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A feature article on Endeavor’s impact in Egypt and Jordan was published in the current issue of the Stanford Social Innovation Review (SSIR). SSIR is a Stanford University magazine and website written to inform and inspire social change. The award-winning Review spans the public, private, and nonprofit sectors in tackling a diverse range of global challenges.
In this article by Jamil Wyne entitled “Investing in Arab Entrepreneurs”, the success of Endeavor’s model is demonstrated through the stories of several inspiring entrepreneurs in the emerging market of the Arab world.
Endeavor’s expansion to Egypt and Jordan is helping to create thousands of jobs.
By Jamil Wyne | Winter 2013
” In 2011, Amin Amin was stuck: His primary investor threatened to take over his company, Change Agent for Arab Development and Education Reform (CADER). The CADER model was unique, providing professional training to teachers to improve educational capacity in the Arab world. It had also turned a profit, nearly doubling its revenues annually between 2005 and 2011. CADER provided a financially sustainable solution for the region’s educational challenges, but this could not prevent Amin from losing the institution he had built from the ground up. He had two options: relinquish control for a fraction of the company’s valuation or purchase it for a price beyond its value.
In need of sound legal counsel and strategic guidance as well as moral support, Amin turned to the Jordanian arm of Endeavor, a nonprofit that identifies and supports high-impact entrepreneurs around the world. In 2009, Amin had become one of the first Jordanians to be selected as an Endeavor Entrepreneur. Throughout the dilemma with his investor, Endeavor provided him with pro bono consulting and legal advice, guiding him to a resolution. Although Amin left CADER, he assumed a new position as CEO of ASK for Human Capacity Building, a company that designs tailor-made training programs to improve the region’s education system and labor market—and where Amin continues to receive Endeavor support.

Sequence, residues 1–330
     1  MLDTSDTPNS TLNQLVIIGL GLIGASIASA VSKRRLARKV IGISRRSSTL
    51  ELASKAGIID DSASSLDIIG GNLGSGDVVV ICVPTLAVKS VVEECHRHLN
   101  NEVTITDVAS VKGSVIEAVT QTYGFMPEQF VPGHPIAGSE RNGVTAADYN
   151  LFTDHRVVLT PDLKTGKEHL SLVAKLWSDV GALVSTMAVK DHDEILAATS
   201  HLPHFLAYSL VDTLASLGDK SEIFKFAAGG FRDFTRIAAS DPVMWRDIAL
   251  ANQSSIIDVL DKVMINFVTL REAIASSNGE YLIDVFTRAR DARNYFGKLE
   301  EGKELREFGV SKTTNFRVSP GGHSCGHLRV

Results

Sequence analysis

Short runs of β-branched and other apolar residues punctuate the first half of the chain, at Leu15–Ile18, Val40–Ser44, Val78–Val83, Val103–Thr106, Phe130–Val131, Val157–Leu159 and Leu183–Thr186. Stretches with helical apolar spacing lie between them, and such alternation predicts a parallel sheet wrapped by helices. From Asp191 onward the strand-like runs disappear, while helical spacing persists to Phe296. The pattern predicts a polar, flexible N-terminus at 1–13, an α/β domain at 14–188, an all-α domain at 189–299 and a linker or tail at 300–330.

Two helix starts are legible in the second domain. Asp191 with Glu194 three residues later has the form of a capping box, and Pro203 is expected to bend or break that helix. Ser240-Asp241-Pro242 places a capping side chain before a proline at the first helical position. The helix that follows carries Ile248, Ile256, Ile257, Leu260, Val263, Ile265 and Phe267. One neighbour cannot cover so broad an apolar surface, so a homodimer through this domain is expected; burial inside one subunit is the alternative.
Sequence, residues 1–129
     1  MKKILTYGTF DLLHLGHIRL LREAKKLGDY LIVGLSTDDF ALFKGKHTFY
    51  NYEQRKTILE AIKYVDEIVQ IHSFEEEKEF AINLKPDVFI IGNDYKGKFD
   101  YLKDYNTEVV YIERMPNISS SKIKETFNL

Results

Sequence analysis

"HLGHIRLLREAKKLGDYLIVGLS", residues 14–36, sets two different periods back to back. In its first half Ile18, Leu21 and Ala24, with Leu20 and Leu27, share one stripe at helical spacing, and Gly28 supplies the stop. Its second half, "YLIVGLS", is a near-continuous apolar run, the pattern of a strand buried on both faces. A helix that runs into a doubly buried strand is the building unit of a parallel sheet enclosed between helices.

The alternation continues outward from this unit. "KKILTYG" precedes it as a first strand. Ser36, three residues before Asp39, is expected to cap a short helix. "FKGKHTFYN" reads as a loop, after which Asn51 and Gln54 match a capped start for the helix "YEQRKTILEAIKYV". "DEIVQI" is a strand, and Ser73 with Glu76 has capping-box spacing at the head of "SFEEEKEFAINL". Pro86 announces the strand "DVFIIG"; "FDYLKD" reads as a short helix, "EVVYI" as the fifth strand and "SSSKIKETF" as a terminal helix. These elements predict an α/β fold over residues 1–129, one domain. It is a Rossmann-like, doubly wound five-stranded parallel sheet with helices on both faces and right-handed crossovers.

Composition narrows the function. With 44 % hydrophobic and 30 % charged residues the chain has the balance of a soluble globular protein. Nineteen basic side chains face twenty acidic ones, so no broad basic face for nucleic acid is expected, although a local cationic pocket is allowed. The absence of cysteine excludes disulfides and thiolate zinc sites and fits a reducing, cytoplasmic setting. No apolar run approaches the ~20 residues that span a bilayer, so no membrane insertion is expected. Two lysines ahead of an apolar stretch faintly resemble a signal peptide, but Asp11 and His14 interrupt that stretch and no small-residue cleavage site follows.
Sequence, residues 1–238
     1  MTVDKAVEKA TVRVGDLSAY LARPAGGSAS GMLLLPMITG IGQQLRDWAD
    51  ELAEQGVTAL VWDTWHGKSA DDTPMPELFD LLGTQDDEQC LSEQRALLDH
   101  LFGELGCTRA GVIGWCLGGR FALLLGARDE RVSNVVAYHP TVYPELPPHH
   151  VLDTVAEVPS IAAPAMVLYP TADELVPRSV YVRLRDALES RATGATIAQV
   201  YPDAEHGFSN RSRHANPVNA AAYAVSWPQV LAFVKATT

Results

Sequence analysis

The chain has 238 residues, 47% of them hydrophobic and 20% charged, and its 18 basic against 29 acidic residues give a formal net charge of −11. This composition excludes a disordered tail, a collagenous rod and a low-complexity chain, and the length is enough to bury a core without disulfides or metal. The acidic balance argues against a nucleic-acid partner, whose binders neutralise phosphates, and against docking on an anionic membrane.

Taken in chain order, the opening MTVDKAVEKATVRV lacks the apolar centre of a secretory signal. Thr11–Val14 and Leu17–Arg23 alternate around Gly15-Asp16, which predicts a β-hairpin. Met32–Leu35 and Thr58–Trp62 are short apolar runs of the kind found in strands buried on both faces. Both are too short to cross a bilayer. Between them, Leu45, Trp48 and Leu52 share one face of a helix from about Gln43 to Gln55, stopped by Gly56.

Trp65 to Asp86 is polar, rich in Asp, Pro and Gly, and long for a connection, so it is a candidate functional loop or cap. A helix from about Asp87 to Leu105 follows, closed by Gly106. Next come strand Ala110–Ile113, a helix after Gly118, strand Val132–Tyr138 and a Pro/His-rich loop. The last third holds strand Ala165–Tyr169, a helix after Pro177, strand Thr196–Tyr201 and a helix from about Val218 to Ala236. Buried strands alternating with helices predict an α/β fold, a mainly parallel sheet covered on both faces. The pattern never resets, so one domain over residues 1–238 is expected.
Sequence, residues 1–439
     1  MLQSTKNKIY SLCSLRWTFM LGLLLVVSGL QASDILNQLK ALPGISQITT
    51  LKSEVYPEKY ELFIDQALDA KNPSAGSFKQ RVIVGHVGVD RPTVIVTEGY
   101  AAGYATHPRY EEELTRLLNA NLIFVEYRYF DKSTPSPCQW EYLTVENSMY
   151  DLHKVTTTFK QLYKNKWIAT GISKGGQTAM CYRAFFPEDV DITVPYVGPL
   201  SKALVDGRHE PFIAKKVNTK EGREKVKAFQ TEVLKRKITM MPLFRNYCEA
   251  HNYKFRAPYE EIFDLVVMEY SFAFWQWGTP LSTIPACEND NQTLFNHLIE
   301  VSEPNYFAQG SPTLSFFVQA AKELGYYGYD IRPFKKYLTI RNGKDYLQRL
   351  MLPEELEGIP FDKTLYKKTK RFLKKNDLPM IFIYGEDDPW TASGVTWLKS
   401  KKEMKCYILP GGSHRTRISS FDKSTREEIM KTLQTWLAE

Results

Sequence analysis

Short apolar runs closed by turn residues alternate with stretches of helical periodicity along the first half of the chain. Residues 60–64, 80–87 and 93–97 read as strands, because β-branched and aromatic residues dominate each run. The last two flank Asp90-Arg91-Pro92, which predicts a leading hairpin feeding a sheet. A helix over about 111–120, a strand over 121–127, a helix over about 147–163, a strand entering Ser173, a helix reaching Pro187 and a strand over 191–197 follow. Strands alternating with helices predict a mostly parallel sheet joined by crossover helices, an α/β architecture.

Endeavor operates similarly to a venture capital firm, but takes no equity in its entrepreneurs’ companies. Instead, it pairs its entrepreneurs with top-notch business development services, a practice that New York Times columnist Thomas Friedman termed the “mentor capitalist” model. The nonprofit—which was founded in 1997 by Americans Linda Rottenberg and Peter Kellner and has offices in 14 developing countries, with headquarters in New York City—selects, mentors, and accelerates those rare individuals who can grow an innovative idea into a globally competitive enterprise.”
Reprinted from the Stanford Social Innovation Review. Read the full article here.
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